Arlington police still searching for killer of homeowner, 83

Posted Wednesday, Jun. 05, 2013  Print Reprints
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Reward offered

Oak Farms Dairy has offered a $10,000 reward for information leading to the arrest and indictment of a suspect in the death of Leona Swafford. Tipsters may remain anonymous. The tip line created for this investigation is 817-575-8529.

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Police on Wednesday continued searching for the man who forced his way into the car of an 83-year-old grandmother in her driveway in a quiet neighborhood near Vandergriff Park, killed her and left her body outside a vacant house about three miles away.

The woman, identified by a relative as Leona Swafford, was described as a frail and very religious woman. Her husband died in 2010.

About 8:30 a.m., Swafford pulled into her driveway in the 400 block of Sussex Drive. The man jumped her, fought off a neighbor and sped away in Swafford’s 2010 Lincoln MKZ with her inside.

“My impression was that she was fighting with him ... and was shoved aside,” said Richard Carter, whose wife is Swafford’s niece. “He has ruined a whole lot of lives, including his own.”

Swafford’s body was found about 90 minutes later outside a vacant house in the 1900 block of Kimberly Drive behind the Park Plaza strip center on New York Avenue, police said. She had head wounds, police said.

Just after 11 a.m., police found the Lincoln at an apartment complex in the 2000 block of Elm Point Drive. That’s behind the police department’s east substation.

Witnesses described the assailant as a black man with very dark skin in his late 20s to late 30s, about 6 feet tall with a muscular build. He has short hair, “possibly 1/2-inch Afro,” and little or no facial hair.

He was wearing a light-colored shirt and blue jeans.

He is considered armed and dangerous, police said. Anyone with information is asked to call 911.

‘I heard screaming’

Janell Havran, a neighbor, said she heard screaming. “I was inside my house, but I could still hear it,” she said.

A different neighbor “went over to help because it appeared that the woman was struggling with the suspect,” said Sgt. Christopher Cook, an Arlington police spokesman. “The suspect threatened the neighbor.”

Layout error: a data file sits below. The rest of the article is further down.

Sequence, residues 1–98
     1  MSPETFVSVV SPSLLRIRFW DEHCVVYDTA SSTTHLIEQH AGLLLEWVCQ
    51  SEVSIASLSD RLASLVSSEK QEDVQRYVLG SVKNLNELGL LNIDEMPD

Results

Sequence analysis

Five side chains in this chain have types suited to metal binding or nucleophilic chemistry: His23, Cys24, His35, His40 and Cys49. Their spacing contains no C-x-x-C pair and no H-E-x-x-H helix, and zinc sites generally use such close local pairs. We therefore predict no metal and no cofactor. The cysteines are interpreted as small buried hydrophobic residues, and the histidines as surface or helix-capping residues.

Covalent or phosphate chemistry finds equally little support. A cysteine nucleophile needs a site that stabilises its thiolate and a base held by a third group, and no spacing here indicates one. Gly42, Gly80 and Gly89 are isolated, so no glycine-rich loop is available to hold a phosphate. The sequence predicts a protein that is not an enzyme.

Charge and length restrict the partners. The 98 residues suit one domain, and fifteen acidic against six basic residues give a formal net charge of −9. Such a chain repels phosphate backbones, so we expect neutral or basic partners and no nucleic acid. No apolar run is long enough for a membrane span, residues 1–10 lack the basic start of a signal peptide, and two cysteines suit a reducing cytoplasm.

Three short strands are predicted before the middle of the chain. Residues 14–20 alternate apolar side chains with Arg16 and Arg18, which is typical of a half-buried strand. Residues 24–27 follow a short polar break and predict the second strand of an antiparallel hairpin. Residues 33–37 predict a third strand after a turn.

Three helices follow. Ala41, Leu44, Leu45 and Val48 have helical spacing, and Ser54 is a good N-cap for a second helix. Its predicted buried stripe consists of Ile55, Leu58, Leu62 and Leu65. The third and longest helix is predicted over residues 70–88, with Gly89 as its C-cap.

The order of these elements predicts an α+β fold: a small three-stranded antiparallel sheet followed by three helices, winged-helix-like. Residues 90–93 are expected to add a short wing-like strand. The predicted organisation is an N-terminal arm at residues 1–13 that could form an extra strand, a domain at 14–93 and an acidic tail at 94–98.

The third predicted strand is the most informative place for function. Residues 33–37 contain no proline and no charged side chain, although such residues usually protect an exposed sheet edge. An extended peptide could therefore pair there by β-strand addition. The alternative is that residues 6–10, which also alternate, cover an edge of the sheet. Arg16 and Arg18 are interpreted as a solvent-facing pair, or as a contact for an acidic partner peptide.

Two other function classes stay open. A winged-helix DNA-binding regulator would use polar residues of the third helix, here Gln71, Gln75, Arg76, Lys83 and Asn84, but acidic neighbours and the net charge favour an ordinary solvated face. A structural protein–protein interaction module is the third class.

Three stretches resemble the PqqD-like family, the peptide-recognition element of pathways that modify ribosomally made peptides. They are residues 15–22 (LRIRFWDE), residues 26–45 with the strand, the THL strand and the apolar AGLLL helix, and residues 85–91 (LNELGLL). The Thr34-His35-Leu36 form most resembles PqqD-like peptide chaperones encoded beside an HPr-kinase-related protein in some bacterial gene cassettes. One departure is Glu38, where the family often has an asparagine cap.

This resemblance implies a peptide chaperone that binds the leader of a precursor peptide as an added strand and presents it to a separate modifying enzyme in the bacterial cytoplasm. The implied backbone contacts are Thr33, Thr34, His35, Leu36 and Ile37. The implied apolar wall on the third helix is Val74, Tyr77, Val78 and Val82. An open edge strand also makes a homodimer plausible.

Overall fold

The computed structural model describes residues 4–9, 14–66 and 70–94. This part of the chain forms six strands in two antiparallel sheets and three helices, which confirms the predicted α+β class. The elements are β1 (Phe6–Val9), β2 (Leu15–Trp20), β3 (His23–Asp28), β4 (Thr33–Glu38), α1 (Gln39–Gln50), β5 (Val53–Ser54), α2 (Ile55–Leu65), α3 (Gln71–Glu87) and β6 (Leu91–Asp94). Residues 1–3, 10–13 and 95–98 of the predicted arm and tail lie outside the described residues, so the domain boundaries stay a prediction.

The attacker quickly backed the Lincoln out of the driveway, slamming into a car parked across the street.

“I heard someone hit my car, so I came running out of my house,” said Juan Varela. “He hit my car twice, but he was already down the street by the time I got to the sidewalk.”

Varela said he couldn’t see anyone in the Lincoln as it sped away.

“There was a woman in the street on her knees, like she had tried to stop them from leaving,” Varela said.

The neighbor who confronted the attacker was on his phone calling for help, Varela said. That neighbor was not injured, police said.

“I thought this was a safe neighborhood,” Havran said. “I guess it isn’t anymore.”

Body found at vacant house

Susan Thompson, who lives around the corner from where the body was found on Kimberly Drive, said the house had been vacant for a couple of years, but that people had recently been “hanging around” there.

Thompson said she usually walks in the morning in that area, but didn’t do so Tuesday.

“But I kind of wish now I would have seen something that would help the police,” she said. “I’m concerned because I live right around the corner, and they haven’t caught them.”

Thompson said an investigator had asked her about the vacant house and said police were trying to contact the owner.

‘She so loved her flowers’

Friends and family converged on Swafford’s home. Several sat in chairs in the front yard under a tree for most of the day, reflecting on Swafford.

Police Chief Will Johnson visited the family Tuesday afternoon.

Carter said Swafford’s family is well-known in Arlington. Her husband, Roy, had a distinguished military career and then was a familiar sight at the city’s main post office on South Street where he worked for years. He died in 2010.

His obituary noted that the couple had been married for 48 years and had six daughters, one son and numerous grandchildren, great-grandchildren and great-great-grandchildren.

One of Swafford’s sons-in-law is a retired Arlington police lieutenant.

“She was a sweet lady. How senseless this was,” Carter said. “We have all the confidence that not just Arlington but all law enforcement are going to help us bring this person to justice.”

Havran said that her neighbor was always tending to her flowers.

“I’d always see her sitting on her porch,” he said. “She so loved her flowers.”

Staff writer Deanna Boyd contributed to this report.

Domingo Ramirez Jr., 817-390-7763 Twitter: @mingoramirezjr

400 block of Sussex Drive, Arlington, TX
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